Wide awake every morning at 3 a.m.? Here’s how to sleep through the night

Do you wake up every morning around 3 or 4 a.m., unable to fall back asleep? Are these waking accompanied by stress and anxiety?

People think it’s their unresolved tasks and problems that wake them up, but the truth is more mundane and, luckily, easier to resolve.

The cause is typically low blood sugar, which can be remedied through dietary and lifestyle changes during the day.

Waking up at 3 or 4 a.m. at night has to do with how you eat during the day

The brain consumes a tremendous about of energy at night. It is active processing complex information, creating long-term memories, clearing out toxins, and carrying out repair and regeneration functions. It depends on sufficient blood sugar to stay fueled.

However, sleeping all night causes the brain to go a long period without a fresh supply of dietary glucose. To compensate, the body secretes a hormone called cortisol, which triggers the release of stored glucose to keep the brain fed during the night-long fast.

People throw a kink in this process when they follow diets that cause chronic low blood sugar. Skipping breakfast or other meals, subsisting on sweets and simple carbohydrates (breads, pasta, white rice, potatoes, etc.), and using caffeine and energy drinks as your primary energy source all send blood sugar on a roller coaster of highs and lows instead of sailing on an even keel the way nature intended.

As a result, people with low blood sugar don’t make the right amount of cortisol at the right times to keep energy levels balanced and the brain fueled, including during the night. What’s worse, cortisol production fatigues.

So when blood sugar drops too low during the night, the body — fearing the loss of fuel to the precious brain — sounds the alarms by releasing “fight-or-flight” hormones. These stress hormones raise blood sugar back to a safer level to keep the brain functioning. Unfortunately, they also raise stress, which explains those anxiety attacks that wake you up in the middle of the night.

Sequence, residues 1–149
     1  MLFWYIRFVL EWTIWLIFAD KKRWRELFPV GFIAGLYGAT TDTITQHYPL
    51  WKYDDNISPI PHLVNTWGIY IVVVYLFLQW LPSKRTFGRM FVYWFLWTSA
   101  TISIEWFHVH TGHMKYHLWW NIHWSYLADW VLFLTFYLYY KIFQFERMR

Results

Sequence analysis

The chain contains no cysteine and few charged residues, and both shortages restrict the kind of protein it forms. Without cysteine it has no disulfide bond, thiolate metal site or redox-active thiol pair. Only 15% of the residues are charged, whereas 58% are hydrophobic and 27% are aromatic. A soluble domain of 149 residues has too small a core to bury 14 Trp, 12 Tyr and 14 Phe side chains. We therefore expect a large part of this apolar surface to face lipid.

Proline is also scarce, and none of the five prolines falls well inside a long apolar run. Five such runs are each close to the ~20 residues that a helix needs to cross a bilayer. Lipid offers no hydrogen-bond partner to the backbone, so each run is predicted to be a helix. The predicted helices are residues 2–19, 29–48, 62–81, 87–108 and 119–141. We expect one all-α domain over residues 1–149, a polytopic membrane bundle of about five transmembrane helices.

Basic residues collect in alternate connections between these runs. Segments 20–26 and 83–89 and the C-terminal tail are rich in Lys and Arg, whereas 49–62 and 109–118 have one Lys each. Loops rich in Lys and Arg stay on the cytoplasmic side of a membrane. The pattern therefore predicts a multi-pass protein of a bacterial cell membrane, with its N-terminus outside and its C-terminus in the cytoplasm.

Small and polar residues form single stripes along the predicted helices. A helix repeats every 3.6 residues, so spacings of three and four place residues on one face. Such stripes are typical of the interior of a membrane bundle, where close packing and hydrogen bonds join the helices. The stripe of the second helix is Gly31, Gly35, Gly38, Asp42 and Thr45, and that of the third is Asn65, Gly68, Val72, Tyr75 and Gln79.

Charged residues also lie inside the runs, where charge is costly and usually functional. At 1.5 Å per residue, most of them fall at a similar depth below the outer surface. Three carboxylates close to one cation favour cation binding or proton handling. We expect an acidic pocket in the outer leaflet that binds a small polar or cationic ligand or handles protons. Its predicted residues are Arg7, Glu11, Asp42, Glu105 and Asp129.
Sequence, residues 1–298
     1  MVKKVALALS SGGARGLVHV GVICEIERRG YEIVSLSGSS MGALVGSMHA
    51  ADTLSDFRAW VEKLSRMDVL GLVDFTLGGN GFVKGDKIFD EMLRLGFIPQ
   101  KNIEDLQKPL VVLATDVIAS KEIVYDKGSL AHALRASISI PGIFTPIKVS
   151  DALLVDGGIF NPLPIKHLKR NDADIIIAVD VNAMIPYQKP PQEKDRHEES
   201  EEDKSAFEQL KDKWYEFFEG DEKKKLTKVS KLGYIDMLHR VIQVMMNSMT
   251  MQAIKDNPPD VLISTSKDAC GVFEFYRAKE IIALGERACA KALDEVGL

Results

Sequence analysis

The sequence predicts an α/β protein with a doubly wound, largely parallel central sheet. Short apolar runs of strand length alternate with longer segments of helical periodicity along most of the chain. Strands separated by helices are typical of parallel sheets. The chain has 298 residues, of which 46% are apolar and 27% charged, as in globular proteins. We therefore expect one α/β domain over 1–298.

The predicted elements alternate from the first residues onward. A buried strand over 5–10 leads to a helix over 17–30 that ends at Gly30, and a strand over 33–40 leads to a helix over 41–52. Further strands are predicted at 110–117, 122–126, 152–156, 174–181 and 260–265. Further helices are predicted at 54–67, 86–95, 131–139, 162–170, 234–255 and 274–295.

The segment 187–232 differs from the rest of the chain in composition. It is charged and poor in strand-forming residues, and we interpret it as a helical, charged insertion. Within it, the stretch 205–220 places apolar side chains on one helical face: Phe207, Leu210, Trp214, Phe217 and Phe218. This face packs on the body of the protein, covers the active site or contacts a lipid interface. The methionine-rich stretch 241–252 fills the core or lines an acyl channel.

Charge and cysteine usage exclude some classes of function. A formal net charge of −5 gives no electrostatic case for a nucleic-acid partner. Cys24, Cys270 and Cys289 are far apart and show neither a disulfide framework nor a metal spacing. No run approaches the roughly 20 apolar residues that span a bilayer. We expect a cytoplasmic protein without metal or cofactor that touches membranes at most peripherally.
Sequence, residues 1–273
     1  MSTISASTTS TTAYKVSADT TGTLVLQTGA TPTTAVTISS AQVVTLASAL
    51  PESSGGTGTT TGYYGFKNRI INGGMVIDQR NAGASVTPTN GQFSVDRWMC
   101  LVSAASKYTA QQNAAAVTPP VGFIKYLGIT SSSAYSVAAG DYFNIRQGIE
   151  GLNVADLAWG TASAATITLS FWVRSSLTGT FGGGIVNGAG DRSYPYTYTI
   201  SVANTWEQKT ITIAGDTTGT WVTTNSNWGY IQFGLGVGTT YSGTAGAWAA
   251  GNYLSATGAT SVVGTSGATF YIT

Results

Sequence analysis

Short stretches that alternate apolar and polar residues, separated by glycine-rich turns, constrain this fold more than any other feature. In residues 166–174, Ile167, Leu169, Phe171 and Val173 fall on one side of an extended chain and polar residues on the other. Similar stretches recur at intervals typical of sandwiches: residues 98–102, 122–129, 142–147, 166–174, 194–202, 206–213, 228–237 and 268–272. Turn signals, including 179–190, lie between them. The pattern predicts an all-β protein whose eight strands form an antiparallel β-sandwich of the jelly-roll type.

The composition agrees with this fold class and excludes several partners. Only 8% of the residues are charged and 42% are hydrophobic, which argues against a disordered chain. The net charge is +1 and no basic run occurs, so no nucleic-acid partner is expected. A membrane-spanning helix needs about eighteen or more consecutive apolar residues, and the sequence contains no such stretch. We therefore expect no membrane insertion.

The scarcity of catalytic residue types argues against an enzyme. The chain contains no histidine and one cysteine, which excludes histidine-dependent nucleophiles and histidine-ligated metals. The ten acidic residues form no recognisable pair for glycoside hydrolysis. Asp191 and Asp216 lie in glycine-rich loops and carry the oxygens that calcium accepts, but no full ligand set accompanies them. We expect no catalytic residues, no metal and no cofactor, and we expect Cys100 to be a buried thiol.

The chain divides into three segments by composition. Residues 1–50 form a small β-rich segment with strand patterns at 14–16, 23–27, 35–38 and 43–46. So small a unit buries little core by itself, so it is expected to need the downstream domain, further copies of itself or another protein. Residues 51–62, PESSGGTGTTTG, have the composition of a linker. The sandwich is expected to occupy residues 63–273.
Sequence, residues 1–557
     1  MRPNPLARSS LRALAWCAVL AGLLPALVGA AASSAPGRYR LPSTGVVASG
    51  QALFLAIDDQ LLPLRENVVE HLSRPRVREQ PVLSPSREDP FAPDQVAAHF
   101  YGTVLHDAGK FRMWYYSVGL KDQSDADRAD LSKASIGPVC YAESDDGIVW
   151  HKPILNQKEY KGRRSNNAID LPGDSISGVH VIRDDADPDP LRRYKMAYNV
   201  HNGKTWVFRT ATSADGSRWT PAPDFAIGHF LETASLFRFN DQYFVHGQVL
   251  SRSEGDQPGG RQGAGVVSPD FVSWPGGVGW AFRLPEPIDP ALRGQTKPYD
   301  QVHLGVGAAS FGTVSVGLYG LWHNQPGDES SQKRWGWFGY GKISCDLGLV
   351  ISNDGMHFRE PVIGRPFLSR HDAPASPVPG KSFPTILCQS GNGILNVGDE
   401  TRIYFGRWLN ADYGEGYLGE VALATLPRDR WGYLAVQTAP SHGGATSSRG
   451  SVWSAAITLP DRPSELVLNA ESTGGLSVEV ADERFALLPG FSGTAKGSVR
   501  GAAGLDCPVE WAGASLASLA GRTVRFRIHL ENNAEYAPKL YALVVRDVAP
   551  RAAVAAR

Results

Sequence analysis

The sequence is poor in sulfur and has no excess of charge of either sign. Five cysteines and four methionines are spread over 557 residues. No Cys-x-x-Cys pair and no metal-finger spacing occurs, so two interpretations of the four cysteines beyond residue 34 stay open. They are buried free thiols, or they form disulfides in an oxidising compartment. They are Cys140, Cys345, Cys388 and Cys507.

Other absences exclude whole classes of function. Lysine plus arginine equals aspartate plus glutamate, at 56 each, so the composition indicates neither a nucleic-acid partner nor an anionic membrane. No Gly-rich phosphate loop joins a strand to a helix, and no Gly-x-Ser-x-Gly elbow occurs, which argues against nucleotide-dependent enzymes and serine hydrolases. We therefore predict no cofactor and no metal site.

See if you have any of these symptoms of low blood sugar:

  • Sugar cravings
  • Irritability, light-headedness, dizziness, or brain fog if meals are missed
  • Lack of appetite or nausea in the morning
  • The need for caffeine for energy
  • Eating to relieve fatigue
  • Energy crashes in the afternoon

How to fall asleep if you wake up at 3 a.m.

A quick solution to this problem is to eat a small amount of protein. Examples include a spoonful of nut butter, a little bit of meat, or a hard-boiled egg. Keep something next to your bed so you don’t have to get up. Avoid eating something sweet or starchy because this will perpetuate the cycle.

Daytime tips to avoid waking up at 3 a.m.

Although some midnight protein may help you fall back asleep, the ultimate goal is to stay asleep with a diet that stabilizes blood sugar levels:

  • Never skip breakfast (other meals) and eat a protein breakfast. Low blood sugar causes loss of appetite and even nausea. Eat anyway, you’ll feel better.
  • Eat frequently enough so blood sugar does not crash.
  • Give up the sweets, simple starches, and processed foods. Eat enough protein and healthy fats to sustain your energy.

For more information on how to stabilize your blood sugar and sleep through the night, contact my office.

Dr. David B. Tuchinsky, D.C., PLLC
St. Augustine Functional Medicine Practitioner, Speaker and Author

Direct any questions to: info@floridafunctionalmedicine.com

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Dr. Tuchinsky

Dr. Tuchinsky has been “health coach” to thousands of local residents. He has been a popular author and lecturer and has been featured in print media and local TV.